The Swiss House of Representatives has voted in favour of allowing Swiss banks to cooperate with United States tax authorities under legislation known as the Foreign Account Tax Compliance Act (FATCA). The Senate is expected to wrap up the issue later this month.
The members of the House of Representatives approved the divisive bill by 112 votes to 51, with 21 abstentions. Implementation of the deal was passed by 113 to 50 votes with 20 abstentions. Swiss banks will now almost automatically provide information about US citizens who hold Swiss accounts.
Finance Minister Eveline Widmer-Schlumpf reiterated on Monday that the agreement provided the necessary legal framework for the banks to settle investigations into tax evasion and thus avoid further damaging the reputation of the Swiss financial centre.
“For Swiss banks it’s not a question of whether FATCA will come, but how FATCA will be implemented,” Widmer-Schlumpf explained.
Recent months have seen an unprecedented ramp-up of international efforts to put an end to banking secrecy. The Organisation for Economic Co-operation and Development (OECD) has increased its pressure. Only last week OECD tax director Pascal Saint-Amans said that Switzerland remains a tax haven because it lacks the legal framework to exchange information.
It had been expected that FATCA would meet more opposition from the rightwing Swiss People’s Party, which is concerned that the “colonial contract” would compromise Switzerland’s sovereignty.
“Switzerland must not abandon its sovereignty. A proud state would never accept such a deal,” said Christoph Blocher, a former justice minister and party stongman, during the debate in the House. “We cannot accept that US law shall apply in Switzerland.”
Many representatives expressed their concern about a lack of reciprocity. Lucrezia Meier-Schatz from the centre-right Christian Democratic Party criticised the US’s “imperialism”.
But at the end of the day, most representatives realised that Switzerland cannot flinch because a rejection would put Swiss banks at a disadvantage when they compete against other financial companies in the US.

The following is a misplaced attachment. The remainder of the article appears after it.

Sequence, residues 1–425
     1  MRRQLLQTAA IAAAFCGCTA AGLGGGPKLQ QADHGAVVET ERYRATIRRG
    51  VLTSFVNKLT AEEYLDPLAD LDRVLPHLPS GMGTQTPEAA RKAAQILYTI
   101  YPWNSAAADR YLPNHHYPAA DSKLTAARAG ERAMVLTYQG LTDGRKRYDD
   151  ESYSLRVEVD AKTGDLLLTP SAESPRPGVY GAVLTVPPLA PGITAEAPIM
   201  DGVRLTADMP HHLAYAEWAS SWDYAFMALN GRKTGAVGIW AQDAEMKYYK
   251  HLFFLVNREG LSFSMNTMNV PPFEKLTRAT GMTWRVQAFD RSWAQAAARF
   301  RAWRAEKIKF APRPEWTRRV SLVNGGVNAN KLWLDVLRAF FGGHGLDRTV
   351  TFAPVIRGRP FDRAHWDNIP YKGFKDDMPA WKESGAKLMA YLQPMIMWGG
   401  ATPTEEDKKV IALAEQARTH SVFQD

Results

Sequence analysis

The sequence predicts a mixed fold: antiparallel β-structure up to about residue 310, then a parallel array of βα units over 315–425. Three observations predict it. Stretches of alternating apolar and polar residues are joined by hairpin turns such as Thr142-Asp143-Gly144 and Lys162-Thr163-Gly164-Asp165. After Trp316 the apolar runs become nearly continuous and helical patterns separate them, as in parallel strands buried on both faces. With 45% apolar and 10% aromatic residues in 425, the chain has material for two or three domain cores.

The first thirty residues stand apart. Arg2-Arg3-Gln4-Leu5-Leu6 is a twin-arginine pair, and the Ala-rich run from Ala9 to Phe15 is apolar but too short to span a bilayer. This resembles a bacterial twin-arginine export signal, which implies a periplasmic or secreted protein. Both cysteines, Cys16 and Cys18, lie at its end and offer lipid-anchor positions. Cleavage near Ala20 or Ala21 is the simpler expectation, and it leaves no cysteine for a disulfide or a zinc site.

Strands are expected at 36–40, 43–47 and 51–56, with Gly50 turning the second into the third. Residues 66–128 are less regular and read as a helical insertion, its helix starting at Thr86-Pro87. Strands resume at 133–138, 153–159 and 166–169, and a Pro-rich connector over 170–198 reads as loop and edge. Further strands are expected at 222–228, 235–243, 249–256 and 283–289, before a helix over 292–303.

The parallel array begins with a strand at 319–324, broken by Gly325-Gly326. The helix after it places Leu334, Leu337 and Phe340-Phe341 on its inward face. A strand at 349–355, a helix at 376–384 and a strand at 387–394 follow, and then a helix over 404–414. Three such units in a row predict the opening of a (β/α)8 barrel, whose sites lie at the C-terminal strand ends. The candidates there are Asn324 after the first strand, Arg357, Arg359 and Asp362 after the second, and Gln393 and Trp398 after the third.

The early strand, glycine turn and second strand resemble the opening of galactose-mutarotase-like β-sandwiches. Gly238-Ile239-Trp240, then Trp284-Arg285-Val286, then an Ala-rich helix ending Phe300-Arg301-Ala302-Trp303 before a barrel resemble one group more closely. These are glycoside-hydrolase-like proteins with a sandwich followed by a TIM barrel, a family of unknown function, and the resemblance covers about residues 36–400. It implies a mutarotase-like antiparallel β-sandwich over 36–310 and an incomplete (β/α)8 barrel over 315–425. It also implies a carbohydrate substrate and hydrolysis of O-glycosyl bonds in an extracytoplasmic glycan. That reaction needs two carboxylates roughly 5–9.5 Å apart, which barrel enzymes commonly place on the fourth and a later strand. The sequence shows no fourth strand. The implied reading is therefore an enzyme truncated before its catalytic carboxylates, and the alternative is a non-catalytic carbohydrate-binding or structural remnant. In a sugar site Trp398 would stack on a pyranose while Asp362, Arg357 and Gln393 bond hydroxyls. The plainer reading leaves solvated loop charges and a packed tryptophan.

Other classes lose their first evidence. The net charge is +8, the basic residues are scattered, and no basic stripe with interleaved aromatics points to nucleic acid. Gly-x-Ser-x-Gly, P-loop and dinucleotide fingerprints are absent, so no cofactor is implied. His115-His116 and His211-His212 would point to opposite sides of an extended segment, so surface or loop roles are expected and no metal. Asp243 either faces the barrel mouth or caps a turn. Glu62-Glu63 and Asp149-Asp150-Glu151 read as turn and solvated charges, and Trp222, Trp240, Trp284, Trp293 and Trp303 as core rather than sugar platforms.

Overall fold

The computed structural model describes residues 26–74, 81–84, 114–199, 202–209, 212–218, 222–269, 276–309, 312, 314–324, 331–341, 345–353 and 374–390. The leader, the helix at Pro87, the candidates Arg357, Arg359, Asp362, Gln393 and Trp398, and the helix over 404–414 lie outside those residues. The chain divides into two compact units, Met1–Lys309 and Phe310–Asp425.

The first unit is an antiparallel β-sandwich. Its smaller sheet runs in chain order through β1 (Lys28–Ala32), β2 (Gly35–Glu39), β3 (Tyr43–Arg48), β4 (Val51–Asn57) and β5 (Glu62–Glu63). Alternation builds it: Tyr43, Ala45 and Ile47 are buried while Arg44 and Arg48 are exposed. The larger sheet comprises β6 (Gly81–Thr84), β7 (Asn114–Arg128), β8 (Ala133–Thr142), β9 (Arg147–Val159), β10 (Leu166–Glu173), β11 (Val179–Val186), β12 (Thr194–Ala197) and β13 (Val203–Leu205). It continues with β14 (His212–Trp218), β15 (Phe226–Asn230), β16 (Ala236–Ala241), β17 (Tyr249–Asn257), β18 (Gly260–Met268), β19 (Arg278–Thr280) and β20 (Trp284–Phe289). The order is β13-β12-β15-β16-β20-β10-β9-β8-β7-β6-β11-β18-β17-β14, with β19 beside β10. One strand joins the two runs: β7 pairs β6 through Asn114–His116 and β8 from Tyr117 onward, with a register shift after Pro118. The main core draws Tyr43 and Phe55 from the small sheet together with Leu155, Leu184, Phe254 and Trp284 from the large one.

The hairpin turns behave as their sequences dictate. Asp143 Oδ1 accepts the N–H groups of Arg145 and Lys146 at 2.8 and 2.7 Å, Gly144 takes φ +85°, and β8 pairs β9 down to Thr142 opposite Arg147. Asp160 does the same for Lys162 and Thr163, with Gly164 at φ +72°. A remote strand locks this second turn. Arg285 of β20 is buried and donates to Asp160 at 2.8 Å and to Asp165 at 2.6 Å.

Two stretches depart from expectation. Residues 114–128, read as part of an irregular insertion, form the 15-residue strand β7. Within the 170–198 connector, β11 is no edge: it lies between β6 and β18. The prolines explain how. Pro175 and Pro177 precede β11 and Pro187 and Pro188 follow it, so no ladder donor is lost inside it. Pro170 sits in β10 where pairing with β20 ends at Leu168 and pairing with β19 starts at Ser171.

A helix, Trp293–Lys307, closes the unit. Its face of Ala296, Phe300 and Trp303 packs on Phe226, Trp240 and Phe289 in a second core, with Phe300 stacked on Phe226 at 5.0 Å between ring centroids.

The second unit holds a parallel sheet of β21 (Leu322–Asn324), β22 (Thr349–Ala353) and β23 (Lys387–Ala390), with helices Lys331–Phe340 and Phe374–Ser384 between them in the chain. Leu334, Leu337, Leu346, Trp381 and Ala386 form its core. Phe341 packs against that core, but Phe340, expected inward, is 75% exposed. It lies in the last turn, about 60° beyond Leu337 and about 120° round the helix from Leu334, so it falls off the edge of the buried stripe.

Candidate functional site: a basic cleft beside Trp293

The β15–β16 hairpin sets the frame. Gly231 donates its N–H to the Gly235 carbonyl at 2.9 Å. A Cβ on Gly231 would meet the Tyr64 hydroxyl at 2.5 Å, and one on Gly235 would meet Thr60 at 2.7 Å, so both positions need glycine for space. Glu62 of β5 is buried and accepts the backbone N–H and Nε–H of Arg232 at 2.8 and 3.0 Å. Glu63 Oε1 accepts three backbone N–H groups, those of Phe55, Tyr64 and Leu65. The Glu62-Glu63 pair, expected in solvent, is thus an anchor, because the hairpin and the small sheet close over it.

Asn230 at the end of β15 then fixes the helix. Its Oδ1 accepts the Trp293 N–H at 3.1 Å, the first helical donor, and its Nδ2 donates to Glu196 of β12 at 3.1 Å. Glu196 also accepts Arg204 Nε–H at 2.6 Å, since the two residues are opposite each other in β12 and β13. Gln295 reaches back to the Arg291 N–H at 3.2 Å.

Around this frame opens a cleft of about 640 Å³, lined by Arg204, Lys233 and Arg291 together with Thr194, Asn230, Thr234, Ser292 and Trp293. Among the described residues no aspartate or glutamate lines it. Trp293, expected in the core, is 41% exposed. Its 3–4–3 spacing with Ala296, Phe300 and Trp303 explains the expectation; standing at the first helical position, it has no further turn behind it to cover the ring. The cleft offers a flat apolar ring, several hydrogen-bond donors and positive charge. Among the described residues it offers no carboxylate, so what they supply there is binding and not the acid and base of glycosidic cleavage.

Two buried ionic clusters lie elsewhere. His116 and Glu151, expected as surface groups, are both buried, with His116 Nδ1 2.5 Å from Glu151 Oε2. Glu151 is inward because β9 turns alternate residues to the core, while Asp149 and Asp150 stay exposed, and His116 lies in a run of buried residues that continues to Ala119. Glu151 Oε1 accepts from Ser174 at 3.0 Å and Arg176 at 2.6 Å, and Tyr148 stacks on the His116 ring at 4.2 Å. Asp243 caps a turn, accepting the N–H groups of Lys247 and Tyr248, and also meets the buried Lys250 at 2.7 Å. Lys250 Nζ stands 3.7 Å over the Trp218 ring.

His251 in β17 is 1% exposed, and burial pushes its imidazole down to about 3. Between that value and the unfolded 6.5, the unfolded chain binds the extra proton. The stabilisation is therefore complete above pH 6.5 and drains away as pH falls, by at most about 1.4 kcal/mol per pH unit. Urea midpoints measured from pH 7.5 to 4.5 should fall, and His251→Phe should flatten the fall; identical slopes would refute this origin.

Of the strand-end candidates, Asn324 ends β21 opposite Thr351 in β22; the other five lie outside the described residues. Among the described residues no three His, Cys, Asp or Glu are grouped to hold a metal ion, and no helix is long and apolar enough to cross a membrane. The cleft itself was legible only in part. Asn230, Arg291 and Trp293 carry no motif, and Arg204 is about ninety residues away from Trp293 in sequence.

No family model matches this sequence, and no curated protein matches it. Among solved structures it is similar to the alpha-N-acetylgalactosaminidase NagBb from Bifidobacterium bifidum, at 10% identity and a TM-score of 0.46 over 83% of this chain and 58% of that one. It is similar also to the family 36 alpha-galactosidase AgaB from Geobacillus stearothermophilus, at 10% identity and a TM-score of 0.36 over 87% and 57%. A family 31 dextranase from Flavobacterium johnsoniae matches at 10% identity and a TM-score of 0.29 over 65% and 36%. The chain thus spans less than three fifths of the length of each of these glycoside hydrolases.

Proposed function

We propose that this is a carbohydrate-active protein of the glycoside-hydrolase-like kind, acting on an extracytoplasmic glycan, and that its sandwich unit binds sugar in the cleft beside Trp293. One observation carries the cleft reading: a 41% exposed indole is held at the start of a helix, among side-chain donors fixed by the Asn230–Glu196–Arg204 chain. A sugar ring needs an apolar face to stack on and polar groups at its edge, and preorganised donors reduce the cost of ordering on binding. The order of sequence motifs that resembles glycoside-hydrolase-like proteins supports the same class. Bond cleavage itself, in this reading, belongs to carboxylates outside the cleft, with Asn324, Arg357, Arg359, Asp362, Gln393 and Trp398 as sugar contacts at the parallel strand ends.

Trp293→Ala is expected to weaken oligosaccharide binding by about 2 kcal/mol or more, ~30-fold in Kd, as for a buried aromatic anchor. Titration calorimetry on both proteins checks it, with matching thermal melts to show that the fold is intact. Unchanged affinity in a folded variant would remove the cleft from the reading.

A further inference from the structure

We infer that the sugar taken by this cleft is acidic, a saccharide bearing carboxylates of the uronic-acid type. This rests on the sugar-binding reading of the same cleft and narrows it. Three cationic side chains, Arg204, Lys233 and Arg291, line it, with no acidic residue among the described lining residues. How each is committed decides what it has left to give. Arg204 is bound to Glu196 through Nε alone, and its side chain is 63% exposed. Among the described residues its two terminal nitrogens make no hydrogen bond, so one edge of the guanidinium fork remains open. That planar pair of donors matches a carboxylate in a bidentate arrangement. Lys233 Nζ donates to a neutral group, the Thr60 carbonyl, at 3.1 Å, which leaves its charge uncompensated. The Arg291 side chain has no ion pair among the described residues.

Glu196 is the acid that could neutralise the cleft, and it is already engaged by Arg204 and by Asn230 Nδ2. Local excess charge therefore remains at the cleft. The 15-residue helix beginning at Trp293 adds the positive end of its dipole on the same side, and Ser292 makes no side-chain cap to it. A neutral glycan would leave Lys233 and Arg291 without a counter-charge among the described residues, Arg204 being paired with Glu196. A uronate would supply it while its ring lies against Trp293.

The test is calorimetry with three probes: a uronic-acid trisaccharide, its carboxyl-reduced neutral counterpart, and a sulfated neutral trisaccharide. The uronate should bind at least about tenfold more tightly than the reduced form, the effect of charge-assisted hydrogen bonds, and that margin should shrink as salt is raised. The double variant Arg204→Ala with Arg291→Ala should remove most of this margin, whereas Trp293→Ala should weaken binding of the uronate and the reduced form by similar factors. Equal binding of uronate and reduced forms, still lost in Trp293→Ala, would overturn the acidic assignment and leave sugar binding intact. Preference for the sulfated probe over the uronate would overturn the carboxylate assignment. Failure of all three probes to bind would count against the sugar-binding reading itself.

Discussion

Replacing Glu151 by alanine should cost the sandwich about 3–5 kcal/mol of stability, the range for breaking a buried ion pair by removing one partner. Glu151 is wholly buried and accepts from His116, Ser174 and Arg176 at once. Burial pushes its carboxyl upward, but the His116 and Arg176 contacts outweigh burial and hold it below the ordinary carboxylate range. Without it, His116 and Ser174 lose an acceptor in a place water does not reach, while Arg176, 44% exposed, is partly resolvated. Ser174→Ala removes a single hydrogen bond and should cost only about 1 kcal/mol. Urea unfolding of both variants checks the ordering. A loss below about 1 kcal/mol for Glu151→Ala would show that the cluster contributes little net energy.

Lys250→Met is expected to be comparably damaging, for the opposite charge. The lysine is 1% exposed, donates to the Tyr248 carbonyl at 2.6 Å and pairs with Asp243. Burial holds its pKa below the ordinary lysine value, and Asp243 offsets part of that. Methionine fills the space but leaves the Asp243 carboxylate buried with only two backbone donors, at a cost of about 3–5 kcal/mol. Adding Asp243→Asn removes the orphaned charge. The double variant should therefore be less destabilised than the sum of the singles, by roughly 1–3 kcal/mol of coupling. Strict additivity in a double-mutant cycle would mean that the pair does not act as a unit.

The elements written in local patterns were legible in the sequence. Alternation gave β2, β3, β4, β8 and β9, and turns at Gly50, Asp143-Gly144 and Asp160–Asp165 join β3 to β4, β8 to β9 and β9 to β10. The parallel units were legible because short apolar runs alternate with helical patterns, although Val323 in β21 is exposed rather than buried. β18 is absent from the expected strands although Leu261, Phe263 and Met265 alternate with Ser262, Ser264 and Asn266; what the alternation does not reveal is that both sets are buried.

In the end, the bill was accepted by a clear margin, because the members of parliament feared that Swiss banks would be effectively excluded from the US capital markets if they did not accept FATCA. Most representatives acknowledged that FATCA is a reality, whether Switzerland likes it or not.
“Those who are still opposed to an automatic exchange of information are sitting on the wrong train,” said Susanne Leutenegger Oberholzer of the centre-left Social Democratic Party. “Switzerland simply hasn’t recognised the signs of the times.”
Switzerland has opted for a version of the bill which is also favoured by Japan. This so-called “model two” better protects privacy and sovereignty, Widmer-Schlumpf said. Swiss banks will have to report accounts belonging to US taxpayers with more than $50,000 (CHF46,600), but client data will only be exchanged once the US authorities have requested administrative assistance.
Most European Union countries have accepted another type of deal, in which information is exchanged automatically, the so-called “model one”. Most Swiss representatives expect that this automatic exchange will eventually become the international standard.
The Swiss Senate had given its initial approval to the bill in June. However, it will have to review a technical detail. The vote is considered to be a formality.
The FATCA bill will be implemented in stages starting in July 2014, Widmer-Schlumpf said. That is later than previously planned, mainly because the US needs more time.
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